‘Many realise they have a problem when it’s too late’ – RGF General Manager

Kevin O’Neill
Kevin O’Neill, General Manager at the Responsible Gaming Foundation

Last Updated on Thursday, 23 September, 2021 at 11:22 am by Andre Camilleri

Dayna Camilleri Clarke speaks to Kevin O’Neill, General Manager at the Responsible Gaming Foundation  in his first interview since taking up the position.

Following several years heading the Player Support Unit within the Malta Gaming Authority, Kevin O’Neill was appointed General Manager of the Responsible Gaming Foundation last June. During his tenure with the Regulator, Kevin became more keenly aware of the harms associated with excessive gambling and related risks through direct interactions with players. O’Neill is a firm believer that Corporate Social Responsibility and Ethical Leadership could potentially produce a transformational effect on the gambling and gaming industries.

Could you give us a brief overview of the Responsible Gaming Foundation?

Since its inception in 2014, the Foundation’s mission has remained unchanged: creating a broader awareness of problem gambling in Malta, with a particular focus on the prevention of harm. Additionally, providing the necessary support and advice to problem gamblers and their significant others remains our key focus. Research is also a critical part of the Foundation’s work, as is education. Over the years, the Foundation has also launched various initiatives that promote activities alternative to excessive gaming and gambling.

What are the current best practices that operators should be looking at?

In terms of Responsible Gambling (RG), the industry has seen a collective shift towards offering players a safer, more transparent and fairer user experience, an overall higher level of duty of care, if you will. The exciting aspect of this development is that this push seems to have been born not out of any obligation mandated by regulatory or compliance constraints. Still, it stems from an authentic desire to promote a more ethical offering. So it has become common to see operators not simply meet but exceed their regulatory requirements where RG is concerned.

Has the FATF greylisting impacted your work?

It is somewhat early to gauge the ramifications the FATF greylisting will have on our work as a Foundation, indeed on the sector as a whole, but suffice it to say that our mission will remain consistent for as long as gambling retains its legitimacy as a popular source of entertainment.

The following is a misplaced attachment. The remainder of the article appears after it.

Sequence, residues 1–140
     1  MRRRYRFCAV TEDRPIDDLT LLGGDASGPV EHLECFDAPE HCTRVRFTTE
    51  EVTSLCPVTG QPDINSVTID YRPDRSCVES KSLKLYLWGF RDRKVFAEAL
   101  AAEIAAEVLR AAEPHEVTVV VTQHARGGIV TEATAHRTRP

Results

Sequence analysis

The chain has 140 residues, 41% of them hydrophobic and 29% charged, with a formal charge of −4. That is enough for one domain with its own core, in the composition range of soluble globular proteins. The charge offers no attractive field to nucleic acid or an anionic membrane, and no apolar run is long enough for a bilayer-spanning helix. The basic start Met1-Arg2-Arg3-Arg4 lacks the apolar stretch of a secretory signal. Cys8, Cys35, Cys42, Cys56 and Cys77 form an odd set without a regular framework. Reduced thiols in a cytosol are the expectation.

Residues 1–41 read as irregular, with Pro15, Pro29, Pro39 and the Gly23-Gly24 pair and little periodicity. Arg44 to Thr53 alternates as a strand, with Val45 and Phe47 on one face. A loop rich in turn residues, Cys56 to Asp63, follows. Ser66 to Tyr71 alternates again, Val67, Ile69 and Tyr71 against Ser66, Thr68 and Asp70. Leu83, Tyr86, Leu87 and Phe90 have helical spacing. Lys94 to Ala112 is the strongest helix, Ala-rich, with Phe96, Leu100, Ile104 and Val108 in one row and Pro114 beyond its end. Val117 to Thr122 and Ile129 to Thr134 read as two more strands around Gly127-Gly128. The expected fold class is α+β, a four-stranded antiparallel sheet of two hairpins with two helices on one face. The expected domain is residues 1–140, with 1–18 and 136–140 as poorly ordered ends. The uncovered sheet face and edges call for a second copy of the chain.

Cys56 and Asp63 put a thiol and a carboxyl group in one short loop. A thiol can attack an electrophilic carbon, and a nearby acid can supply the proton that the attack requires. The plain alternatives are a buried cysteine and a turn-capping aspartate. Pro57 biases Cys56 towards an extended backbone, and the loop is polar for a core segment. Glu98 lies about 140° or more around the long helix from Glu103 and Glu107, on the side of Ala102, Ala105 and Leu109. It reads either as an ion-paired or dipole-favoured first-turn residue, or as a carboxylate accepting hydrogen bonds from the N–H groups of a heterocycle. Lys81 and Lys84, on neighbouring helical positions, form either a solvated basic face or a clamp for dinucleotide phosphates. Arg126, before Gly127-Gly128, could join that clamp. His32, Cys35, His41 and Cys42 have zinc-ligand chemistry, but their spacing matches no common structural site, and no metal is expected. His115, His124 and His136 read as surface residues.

And the pandemic?

The pandemic has certainly taught most organisations how to be more resourceful in the remote working world, and the Foundation was no exception. Even though the nature of our work and support services being mainly call-based and web-based, our offices are open to those individuals who wish to activate a self-barring request or to simply seek advice and support. This significant component was maintained, albeit in a more restrictive manner. Nevertheless, many lessons were learnt.

How has the setup of the Foundation influenced and changed the role of the MGA?

The MGA (then the Lotteries and Gaming Authority), together with Government, are the RGF’s founders; therefore, it is fair to say that the Regulator and Government had the foresight in establishing the Foundation to ensure a perpetual balance between the fulfilment of the country’s economic goals and the ethical expectations imposed by social norms. Effectively, the Foundation complements the MGA’s sterling work regarding Responsible Gaming and Player Protection.

What challenges and opportunities is the Foundation facing today?

As far as challenges go, getting individuals to see that they have a problem and require support is at the top of the list. Sadly, many understand that they have a problem when it is too late, so yes, doubling our efforts in reaching as many individuals as possible with the right kind of support remains our main challenge.

As for opportunities, we see massive developments on the technological front (AI) being applied to player protection, and the early detection of compulsive gambling as exciting. We will undoubtedly be exploring how we can support these innovative initiatives.

What is your vision for the future development of Malta as a safe and secure gambling and gaming jurisdiction?

I firmly believe that this cause is a collective effort that all stakeholders need to buy into to ensure sustainability. Having a robust regulatory framework is certainly a strong foundation, but every stakeholder has a responsibility in building upon that foundation. Again, there seems to be a broad consensus that raising the standards bar is no longer an option but a necessity. This drive for excellence gives us comfort that we are on the right track to seeing Malta consolidate its reputation as a secure gambling and gaming jurisdiction.

Will you be collaborating with NGOs that fight Gambling addiction?

Undoubtedly. Both local and international ones. Our cause, goals and objectives are the same, so it certainly makes sense to pool our resources and present a common front. Supporting one another is especially crucial for non-profit organisations. There may be minor disagreements about what constitutes “Responsible Gaming”, but there is convergence over this vital subject for the most part.

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